On This Day in Black History: April 25
St. Augustine was baptized at the age of 32.
The Sultan of Morocco launched his successful attack to capture Timbuktu. Timbuktu fell to the sultan's forces and subsequently became part of the Moroccan Empire, resulting in the end of the Songhay Empire.
Blacks demanded to join President Abraham Lincoln's funeral procession and were relegated to the tail end.
Singer Ella Fitzgerald was born.
The United Negro College Fund was incorporated.
The United Nations was founded at the San Francisco Conference. African-Americans in attendance included Mrs. Mary McLeod Bethune; Dr. Mordecai W. Johnson of Howard University; W.E.B. Du Bois and Walter White, both of the NAACP, as official observers; and Ralph Bunche, who was an official member of the American staff.
Charles "Chuck" Cooper became the first black person ever drafted by an NBA team when he was selected by the Boston Celtics.
Britain granted internal self-government to Swaziland.
Mswati III was crowned king of Swaziland, succeeding his father, Sobhuza II.
The last day of white rule in South Africa was marked by the beginning of a bombing campaign.
Two Catholic Hutu nuns in Rwanda ordered frightened Tutsis out of their Benedictine compound into the hands of Hutu soldiers. In 1997, Sisters Gertrude (Consolata Mukangango) and Sister Maria Kisito (Juliene Makubutera), having escaped to Belgium, were accused by witnesses of aiding Hutu soldiers who slaughtered some 600 Tutsis. In 2001, a Belgian court found them guilty of having participated in the massacre of more than 7600 people at the Sovu convent in Butare. Gertrude was sentenced to 15 years in prison. Kisito was sentenced to 12 years. Two others were also convicted and sentenced: Alphonse Higaniro was sentenced to 20 years and Vincent Ntezimana was jailed for 12 years.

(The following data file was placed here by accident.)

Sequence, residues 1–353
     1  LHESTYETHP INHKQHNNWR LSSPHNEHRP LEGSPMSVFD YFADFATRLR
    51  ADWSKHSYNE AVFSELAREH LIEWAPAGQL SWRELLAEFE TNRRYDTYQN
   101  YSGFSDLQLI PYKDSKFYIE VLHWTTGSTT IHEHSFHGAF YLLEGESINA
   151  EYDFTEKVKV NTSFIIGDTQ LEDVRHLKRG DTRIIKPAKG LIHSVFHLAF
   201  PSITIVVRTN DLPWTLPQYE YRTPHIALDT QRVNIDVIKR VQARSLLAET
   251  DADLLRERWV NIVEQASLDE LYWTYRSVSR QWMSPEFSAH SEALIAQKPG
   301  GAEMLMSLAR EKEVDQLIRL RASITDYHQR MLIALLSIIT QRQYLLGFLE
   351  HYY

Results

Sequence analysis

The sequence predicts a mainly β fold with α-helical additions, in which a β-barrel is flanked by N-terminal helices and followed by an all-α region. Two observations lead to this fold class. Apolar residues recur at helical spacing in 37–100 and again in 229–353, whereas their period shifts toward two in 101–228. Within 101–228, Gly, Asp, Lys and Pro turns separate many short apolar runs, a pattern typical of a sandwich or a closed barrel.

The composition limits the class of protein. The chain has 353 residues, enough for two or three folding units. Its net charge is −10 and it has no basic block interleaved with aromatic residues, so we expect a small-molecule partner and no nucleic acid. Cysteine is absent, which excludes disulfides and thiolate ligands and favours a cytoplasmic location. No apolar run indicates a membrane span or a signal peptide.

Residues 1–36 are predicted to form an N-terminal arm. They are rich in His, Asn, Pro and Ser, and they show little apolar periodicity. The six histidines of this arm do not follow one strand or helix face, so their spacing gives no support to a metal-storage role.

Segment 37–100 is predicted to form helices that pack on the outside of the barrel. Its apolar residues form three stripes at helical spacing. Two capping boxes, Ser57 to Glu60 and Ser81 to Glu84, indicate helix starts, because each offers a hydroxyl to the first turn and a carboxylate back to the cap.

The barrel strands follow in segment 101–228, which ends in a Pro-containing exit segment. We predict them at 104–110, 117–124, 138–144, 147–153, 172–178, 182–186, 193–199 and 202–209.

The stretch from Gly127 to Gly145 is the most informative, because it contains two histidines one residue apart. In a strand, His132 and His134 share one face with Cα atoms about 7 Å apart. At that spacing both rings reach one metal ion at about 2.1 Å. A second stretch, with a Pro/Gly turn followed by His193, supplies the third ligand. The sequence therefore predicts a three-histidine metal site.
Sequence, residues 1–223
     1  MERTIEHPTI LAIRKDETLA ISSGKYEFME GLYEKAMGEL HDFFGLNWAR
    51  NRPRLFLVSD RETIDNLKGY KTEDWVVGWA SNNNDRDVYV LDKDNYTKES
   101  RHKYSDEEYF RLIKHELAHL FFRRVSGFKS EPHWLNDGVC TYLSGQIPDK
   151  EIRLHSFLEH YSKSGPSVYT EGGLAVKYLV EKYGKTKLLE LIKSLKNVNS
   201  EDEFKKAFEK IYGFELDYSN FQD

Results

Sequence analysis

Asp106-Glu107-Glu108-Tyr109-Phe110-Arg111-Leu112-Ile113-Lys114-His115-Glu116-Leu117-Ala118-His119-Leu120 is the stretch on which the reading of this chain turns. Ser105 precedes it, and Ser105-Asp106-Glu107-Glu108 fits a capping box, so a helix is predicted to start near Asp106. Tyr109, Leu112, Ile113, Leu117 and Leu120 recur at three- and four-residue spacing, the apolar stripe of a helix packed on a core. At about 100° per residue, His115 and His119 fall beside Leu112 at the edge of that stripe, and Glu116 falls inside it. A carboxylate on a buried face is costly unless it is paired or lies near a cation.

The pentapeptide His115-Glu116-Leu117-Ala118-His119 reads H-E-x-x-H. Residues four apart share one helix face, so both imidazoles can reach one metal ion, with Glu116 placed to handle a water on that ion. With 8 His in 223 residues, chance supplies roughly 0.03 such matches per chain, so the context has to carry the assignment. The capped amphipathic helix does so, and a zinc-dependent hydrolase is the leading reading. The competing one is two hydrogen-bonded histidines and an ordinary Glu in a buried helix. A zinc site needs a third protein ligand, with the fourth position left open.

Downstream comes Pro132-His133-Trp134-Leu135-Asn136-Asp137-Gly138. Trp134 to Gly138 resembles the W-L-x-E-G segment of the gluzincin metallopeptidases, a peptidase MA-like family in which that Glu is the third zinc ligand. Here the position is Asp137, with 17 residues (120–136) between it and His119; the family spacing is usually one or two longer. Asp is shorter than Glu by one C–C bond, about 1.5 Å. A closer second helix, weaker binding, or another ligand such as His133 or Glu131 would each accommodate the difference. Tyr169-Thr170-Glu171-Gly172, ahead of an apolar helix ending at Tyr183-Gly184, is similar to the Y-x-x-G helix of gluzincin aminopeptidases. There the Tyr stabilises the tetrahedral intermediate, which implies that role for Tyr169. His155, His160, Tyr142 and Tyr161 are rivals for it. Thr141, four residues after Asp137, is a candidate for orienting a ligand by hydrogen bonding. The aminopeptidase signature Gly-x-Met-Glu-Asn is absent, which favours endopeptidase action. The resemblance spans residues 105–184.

Today's Featured Page
Dr. Mae Jemison
Dr. Mae Jemison became the first African-American woman astronaut to participate in a NASA shuttle mission. More...
Previously Featured Pages
Concerned with black nationalism as well as socialism, Claudia Jones became the standard bearer for Negro women, especially domestic workers. She denounced and attacked the triple oppression of sex, race, and class faced by black women. More...
Granvillle T. Woods
During his lifetime, Granville T. Woods held over thirty-five patents. More than a dozen of these patents were inventions for electric railways but most of them were focused on electrical control and distribution. More...
In 1873, Cetshwayo succeeded his father Mpande and the Zulu nation resurfaced as a powerful force in Southern Africa. Like his predecessors, he wanted to avoid conflict with the white settlers but he was obstructing the imperial endeavour. More...
The Buffalo Soldiers
The story of the Buffalo Soldiers—their unsurpassed courage and patriotism—will live forever in the annals of the history of the United States. More...
Behanzin, the King of Dahomey, chose the strategy of confrontation to resist French occupation of his kingdom. More...
Born in 1844, Menelik II was one of the most celebrated of Ethiopia's rulers, and led the most successful campaign of African resistance to repel the onslaught of European colonialism. More...
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